• Kirkland Municipal Code Title 23, Ch. 112 — All developments with over four units and located in certain zones must provide some affordable units. Bonus units as an incentive are an option in zones where affordable units are not required. Off-site provision of units or cash payments in lieu of affordable units are options, under certain circumstances
  • Marysville Municipal Code Ch. 22C.090 — Residential density bonus incentives available for permanently restricted, low-income rental units and low-income senior rental units. Also available for mobile home space for mobile homes displaced from closed parks
  • Poulsbo Municipal Code Sec. 18.70.070(B) — A small city example of an affordable, low-income housing incentives program
  • Redmond Zoning Code Ch. 21.20 — Affordable housing is defined by up to 80% median income and housing developments over 10 units in specified planning areas must provide affordable units and may then build bonus units. Off-site provision of units or cash payments in lieu of affordable units and dimensional modifications are options. Includes affordable senior housing bonus program but all programs are subject to an affordable housing agreement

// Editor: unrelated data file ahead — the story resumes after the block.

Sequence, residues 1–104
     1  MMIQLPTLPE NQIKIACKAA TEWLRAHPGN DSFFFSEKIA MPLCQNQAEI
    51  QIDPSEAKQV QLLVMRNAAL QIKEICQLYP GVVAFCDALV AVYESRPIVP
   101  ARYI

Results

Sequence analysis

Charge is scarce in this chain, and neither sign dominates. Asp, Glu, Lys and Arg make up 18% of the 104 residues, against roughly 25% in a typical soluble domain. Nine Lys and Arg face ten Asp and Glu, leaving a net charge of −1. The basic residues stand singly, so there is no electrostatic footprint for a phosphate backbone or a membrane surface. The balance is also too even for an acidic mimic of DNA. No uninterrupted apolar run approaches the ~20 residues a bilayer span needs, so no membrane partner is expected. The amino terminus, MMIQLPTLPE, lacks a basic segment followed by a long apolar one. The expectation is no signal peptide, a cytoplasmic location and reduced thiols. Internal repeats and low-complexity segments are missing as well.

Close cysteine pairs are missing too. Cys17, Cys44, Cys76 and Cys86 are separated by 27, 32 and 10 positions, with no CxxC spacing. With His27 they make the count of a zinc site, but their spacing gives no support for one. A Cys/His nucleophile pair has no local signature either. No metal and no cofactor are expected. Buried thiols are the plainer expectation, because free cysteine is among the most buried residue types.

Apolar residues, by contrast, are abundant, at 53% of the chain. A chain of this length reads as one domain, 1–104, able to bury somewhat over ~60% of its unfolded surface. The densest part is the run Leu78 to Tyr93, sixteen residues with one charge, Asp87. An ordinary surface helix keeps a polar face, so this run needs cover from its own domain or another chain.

• Seattle Housing Rule 01-2015 — Outlines the conditions by which affordable housing shall be provided to satisfy requirements for bonus nonresidential floor area 
  • Shoreline Municipal Code Sec. 20.40.230 — Example of a simple density bonus code

Examples of County Codes That Promote Bonus Density

  • King County’s Affordable Housing Incentive Program — Includes development incentives such as credit enhancement, density bonus program, fee waivers, and surplus property for affordable housing and other public benefits. Code 21A.34 offers density bonuses ranging from 1-1.5 bonus units per benefit unit; for 100% affordable projects, the density allows 200% above the base 
  • Pierce County Code Ch. 18A.65 — Offers expedited permit processing for all projects with low-income, affordable units. Financial and regulatory incentives that are available (subject to criteria) include expedited permit processing, fee waivers, bonus units, and alternative development standards. County assumes shared equity when units increase in value, which is recaptured at time of sale to fund price reductions for additional units
  • San Juan County Code Sec. 18.60.260 — Offers restrictive use easement to operators of affordable housing while Code Sec. 18.30.200 (D) offers a density bonus specifically for the density district of Doe Bay Hamlet Activity Center

Out-of-State Examples

Inclusionary Zoning Resources

Innovative Housing Demonstration Programs